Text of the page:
Throughout the past 30 years, I ve spoken to many people who have been involved in gunfights, and I ve combined this with what I experienced while serving in law enforcement. The one truth I ve found is that fights are usually a mess, and it s the mentally prepared individual who prevails. Mental preparation includes physical skill. The person who has confidence in their physical abilities is the one who will utilize the correct technique under duress without hesitation or confusion, and will thus prevail.
What does that have to do with the incapacitation potential or any small arms cartridge? Incapacitation comes in two forms: psychological or physical. Psychological incapacitation is hard to measure because any number of things can make a person stop and drop. Sometimes, if a person is shot they ll stop regardless of the severity of the injury, but this shouldn t be counted on.
One thing I ve learned from the many felons I ve interviewed is that they don t think like we do, and they certainly don t feel fear the same. To ensure the incapacitation of a crazed killer, we need to hurt them as severely as possible, actually make them want to quit due to injury. Death is irrelevant; all we want to do is stop their immediate action.
Anyone who s a student of combative firearms needs to have a basic understanding of human anatomy. I m not a doctor, but I ve taken a few anatomy courses throughout the years, so I have a rudimentary understanding of what and where vital organs are located. Basically, the body has a computer (brain), a pumping station (heart) and lubrication (blood) that keeps things running smoothly. If you can disrupt the process that keeps these organs working, you can stop a person s ability to fight. Other things will do this as well, such as interrupting their ability to see or breathe, but this is normally the goal of unarmed combat.
It should also be understood that the position of the attacker will affect your point of aim. It s quite common to shoot at targets that are in a full frontal position and stationary, but this isn t always the case in a fight. It s likely your attacker will be moving and offering a side profile that offers little of the targeting zone of a frontal shot, thus 3-D training is wise.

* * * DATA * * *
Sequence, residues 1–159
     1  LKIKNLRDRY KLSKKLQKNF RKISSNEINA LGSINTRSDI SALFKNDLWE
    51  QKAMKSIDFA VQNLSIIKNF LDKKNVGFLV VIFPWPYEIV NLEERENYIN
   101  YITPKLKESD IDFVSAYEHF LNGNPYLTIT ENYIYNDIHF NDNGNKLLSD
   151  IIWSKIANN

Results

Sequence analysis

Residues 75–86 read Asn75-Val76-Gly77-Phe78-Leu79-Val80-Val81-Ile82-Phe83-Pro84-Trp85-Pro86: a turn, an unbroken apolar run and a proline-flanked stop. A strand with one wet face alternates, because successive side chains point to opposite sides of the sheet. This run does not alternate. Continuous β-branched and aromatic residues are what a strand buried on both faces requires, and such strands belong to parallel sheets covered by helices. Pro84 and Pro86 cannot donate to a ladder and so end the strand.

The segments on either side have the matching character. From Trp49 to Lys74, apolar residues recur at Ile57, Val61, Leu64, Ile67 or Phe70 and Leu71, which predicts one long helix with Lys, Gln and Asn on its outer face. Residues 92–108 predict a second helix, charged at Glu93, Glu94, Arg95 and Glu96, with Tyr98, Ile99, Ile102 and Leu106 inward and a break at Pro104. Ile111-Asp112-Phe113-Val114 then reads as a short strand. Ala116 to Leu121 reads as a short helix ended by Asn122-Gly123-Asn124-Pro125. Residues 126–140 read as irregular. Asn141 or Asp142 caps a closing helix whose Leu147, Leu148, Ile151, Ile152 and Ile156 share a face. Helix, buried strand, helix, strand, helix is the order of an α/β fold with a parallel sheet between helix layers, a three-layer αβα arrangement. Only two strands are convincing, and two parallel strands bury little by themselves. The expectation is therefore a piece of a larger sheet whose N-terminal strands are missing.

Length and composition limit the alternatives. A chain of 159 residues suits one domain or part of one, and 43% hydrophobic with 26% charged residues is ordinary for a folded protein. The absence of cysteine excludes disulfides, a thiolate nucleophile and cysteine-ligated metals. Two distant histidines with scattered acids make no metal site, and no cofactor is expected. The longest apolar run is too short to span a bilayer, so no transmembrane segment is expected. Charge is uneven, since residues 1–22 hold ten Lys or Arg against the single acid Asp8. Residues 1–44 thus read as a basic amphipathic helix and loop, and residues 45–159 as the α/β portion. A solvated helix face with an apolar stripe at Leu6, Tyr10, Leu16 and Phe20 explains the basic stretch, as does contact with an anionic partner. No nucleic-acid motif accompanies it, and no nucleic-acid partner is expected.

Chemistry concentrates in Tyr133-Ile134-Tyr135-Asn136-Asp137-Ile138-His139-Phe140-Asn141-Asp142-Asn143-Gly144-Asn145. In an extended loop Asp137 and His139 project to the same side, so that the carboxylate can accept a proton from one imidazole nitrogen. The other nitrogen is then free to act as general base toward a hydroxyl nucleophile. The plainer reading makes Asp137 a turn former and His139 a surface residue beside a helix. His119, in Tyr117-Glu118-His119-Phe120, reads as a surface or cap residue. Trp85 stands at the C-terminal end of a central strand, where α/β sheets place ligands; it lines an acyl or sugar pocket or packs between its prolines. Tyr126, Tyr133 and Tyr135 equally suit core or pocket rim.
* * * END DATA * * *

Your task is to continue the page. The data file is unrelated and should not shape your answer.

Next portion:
To the point, the areas of the body that will result in rapid incapacitation due to physiological disruption are small and well protected. The brain is surrounded by the skull which is round, hard and normally in motion. Rounds deflecting off the head or traveling around the skull are more common than many think. The heart is a muscle that is well exercised and quite strong. It s also covered by the rib cage and sometimes heavy clothing. Hitting these areas with one well-placed shot is problematic as best. For these reasons, asking a bullet to stop someone with one round fired is darn near impossible. The body is tough and in motion, so expect to shoot more than once to stop a determined opponent.
Law enforcement officers currently enjoy the best ammo ever developed. Select HST, SXT, DPX or Gold Dot from the various manufacturers, and you ll get ammo you can count on. In other words, they ve been proven in the street.
What caliber should you use? The largest caliber bullet that you can control in rapid fire, as you ll likely need fast follow up shot to stop a determined killer. Is a bigger bullet a better bullet? Certainly, and it can be proven with tests into ballistic gelatin, where the wound volume is charted. How much better is the larger bullets, say 9 mm vs. .45? Mathematically, it would be 15 20%, which is good news. The bad news is that this will not make up for poor shot placement. Where does that put us? Back to our ability to put well-placed shots on out attacker under duress.
Training & Practice, Not Gear & Gizmos
The harsh reality is all of the research that has gone into the current generation of ammo is lost if the round you fire impacts the wall next to your attacker s head. The truth is, it s more likely that you ll loose a gunfight due to poor trigger control than the caliber of gun or type of bullet you select. Quite frankly, trigger control is weapon control, and if you can t control your gun well enough to hit your target then all of the time you spent choosing just the right ammo was wasted. It s as simple as that.